Here’s everything we know so far about the South African variant
Health officials said 11 people – who have no links to travel – have tested positive for the South African Covid-19 variant across England in the last five or six days.
What do we know about this strain of coronavirus and what do these positive cases mean for the country?
What is the South African variant?
Last month, researchers from South Africa found that the SA variant, known as 501Y.V2, contains mutations that may be resistant to immunity from previous coronavirus infection.
As part of the study, researchers analysed the impact of specific mutations in the spike gene of the SA variant and found that 501Y.V2 showed “complete escape” from monoclonal antibodies – man-made proteins that act like human antibodies in the immune system.
Similar findings were also observed in samples containing convalescent plasma – antibody-rich plasma of someone who has recovered from coronavirus.
What is being done to find out more about it?
The South African variant is thought to be as transmissible as the variant that was first identified in Kent but there is no evidence as of yet that it causes more severe disease.
Health Secretary Matt Hancock said last month that the variant is being tested at the Government’s Porton Down research facility as well as in a clinical trial in South Africa to check the efficacy of the Oxford/AstraZeneca vaccine.
In comments from what is reportedly a recording of an online webinar with travel agents, obtained by MailOnline, Mr Hancock said: “There is evidence in the public domain, although we are not sure of this data so I wouldn’t say this in public, but that the South African variant reduces by about 50 per cent the vaccine efficacy.”
It is not yet known whether the Oxford University/AstraZeneca vaccine will be effective against the variant, although other vaccines have shown promising results.
How much is known about which vaccines work against the SA variant?
The vaccine from Novavax, of which the UK has secured 60 million doses, has been shown to be 89 per cent effective in preventing Covid-19.
Data from more than 20,000 people, including a trial in South Africa, has now been reported.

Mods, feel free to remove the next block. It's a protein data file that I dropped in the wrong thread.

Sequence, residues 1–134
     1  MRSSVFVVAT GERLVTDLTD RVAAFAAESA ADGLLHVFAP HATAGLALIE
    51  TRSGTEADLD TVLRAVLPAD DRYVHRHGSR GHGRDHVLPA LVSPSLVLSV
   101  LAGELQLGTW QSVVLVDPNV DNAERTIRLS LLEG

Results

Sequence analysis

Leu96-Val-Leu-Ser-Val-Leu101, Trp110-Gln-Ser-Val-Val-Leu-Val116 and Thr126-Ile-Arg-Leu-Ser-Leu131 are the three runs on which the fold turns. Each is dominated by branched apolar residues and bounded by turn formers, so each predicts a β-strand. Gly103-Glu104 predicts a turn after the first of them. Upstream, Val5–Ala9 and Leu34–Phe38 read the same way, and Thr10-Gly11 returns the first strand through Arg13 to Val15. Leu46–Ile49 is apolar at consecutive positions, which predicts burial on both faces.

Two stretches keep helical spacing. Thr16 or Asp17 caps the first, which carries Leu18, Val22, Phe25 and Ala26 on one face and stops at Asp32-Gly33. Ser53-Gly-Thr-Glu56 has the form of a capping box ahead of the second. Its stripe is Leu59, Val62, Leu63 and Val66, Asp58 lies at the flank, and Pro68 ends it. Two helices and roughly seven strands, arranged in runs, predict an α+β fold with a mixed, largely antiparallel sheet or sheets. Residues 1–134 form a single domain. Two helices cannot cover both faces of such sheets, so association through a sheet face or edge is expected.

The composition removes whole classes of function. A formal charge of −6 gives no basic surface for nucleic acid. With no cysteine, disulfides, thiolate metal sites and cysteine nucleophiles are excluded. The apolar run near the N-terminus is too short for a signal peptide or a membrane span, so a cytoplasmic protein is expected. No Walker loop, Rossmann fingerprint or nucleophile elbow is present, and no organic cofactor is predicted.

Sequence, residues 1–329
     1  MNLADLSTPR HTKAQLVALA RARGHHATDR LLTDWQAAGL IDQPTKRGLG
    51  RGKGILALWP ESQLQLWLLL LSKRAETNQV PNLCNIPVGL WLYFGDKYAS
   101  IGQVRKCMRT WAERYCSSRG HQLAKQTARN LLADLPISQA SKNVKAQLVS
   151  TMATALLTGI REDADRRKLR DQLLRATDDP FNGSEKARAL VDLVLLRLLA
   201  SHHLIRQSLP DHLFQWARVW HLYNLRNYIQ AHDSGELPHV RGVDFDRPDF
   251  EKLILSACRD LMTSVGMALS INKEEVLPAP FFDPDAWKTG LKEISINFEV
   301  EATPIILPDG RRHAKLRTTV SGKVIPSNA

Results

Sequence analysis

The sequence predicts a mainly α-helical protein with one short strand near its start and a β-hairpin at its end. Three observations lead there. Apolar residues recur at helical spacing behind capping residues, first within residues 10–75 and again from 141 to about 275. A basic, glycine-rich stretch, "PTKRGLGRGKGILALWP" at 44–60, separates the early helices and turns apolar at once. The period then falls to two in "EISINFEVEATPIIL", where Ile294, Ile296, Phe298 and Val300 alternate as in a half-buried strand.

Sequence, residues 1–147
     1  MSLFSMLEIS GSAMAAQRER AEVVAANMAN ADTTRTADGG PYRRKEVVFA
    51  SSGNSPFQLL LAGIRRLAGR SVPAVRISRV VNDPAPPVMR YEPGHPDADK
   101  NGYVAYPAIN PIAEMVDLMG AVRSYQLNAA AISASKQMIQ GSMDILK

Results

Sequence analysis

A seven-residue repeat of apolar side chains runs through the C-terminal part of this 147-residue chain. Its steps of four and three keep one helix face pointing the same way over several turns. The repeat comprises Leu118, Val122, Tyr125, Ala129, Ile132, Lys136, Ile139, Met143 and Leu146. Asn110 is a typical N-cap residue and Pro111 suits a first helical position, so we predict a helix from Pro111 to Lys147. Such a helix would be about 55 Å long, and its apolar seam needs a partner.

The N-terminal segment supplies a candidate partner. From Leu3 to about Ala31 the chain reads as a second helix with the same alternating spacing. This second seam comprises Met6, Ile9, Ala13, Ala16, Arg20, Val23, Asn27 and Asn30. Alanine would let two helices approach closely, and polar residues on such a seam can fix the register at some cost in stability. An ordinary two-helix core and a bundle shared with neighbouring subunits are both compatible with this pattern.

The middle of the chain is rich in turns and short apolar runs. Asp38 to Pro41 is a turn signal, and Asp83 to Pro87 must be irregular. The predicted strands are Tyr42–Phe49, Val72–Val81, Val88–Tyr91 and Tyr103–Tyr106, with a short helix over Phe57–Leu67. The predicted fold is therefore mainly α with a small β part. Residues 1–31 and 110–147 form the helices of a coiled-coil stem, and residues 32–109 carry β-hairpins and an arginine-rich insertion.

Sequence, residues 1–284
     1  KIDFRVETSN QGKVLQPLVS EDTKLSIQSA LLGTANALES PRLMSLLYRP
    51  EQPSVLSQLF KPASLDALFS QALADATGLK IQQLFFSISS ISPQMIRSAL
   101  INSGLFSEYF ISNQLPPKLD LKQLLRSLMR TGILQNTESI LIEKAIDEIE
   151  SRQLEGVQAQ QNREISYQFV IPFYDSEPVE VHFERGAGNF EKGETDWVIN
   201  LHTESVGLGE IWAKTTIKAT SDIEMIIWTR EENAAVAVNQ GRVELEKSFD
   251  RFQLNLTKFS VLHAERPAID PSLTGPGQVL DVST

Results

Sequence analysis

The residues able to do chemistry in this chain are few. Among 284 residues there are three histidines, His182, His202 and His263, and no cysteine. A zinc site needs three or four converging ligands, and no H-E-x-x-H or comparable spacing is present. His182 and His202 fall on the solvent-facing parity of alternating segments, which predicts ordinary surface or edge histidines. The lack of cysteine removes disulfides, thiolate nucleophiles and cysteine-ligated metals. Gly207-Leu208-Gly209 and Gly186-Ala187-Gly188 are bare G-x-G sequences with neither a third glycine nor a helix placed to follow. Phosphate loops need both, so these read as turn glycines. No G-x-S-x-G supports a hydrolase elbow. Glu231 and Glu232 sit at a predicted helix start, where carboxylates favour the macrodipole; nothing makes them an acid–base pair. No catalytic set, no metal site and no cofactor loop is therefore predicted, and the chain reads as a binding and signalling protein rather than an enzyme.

In the South African arm of the trial, where most cases of Covid-19 were the South African strain, the jab was 60 per cent effective in preventing mild, moderate and severe coronavirus among those without HIV.
Novavax plans to immediately begin development on a vaccine which specifically targets the SA variant.
A vaccine developed by Johnson & Johnson’s pharmaceutical arm Janssen is 66 per cent effective overall at preventing moderate to severe Covid-19 28 days after vaccination.
The jab worked across multiple variants of coronavirus, including the South African variant.
The level of protection against moderate to severe Covid-19 infection was found to be 72 per cent in the United States arm of the trial, 66 per cent in the Latin American arm and 57 per cent in the South African arm.
Meanwhile, Pfizer said it had tested 16 different mutations in the variants and none had any significant impact on how its vaccine worked.
And Moderna said laboratory tests found that vaccination with its jab produced neutralising antibodies against all key emerging variants, including the South African mutation.
What has happened with the SA variant in England and is it now spreading in the community?
Experts are seeking to urgently test 80,000 people for Covid-19 after it emerged that the South African strain may have spread in some regions of England.
Health officials said 11 people had been identified who have tested positive for the variant, but who have no links to travel.
This suggests there may small pockets of spread in local communities of the new variant, with the possibility of further cases.
Experts from Public Health England (PHE) are now hoping to break any chains of transmission.
To date, 105 cases of the South African variant have been identified in the UK since December 22 but all of those had links to travel.
Experts advising the Government said they did not think the current vaccines would need to be tweaked to deal with any spread of the South African variant.
Where will the testing take place?
Mobile testing units are being sent into the affected areas of London, the West Midlands, east of England, South East and the North West.
The areas are: Hanwell, west London; Tottenham, north London; Mitcham, south London; Walsall in the West Midlands; Broxbourne, Hertfordshire; Maidstone, Kent; Woking, Surrey; and Southport, Merseyside.
What has the Prime Minister said?
During a visit to the Al Hikmah vaccination centre in Batley, West Yorkshire, on Monday, Boris Johnson told reporters: “We are confident that all the vaccines that we are using provide a high degree of immunity and protection against all variants.”
He said the vaccines could be adapted to deal with new variants if necessary.
— to www.standard.co.uk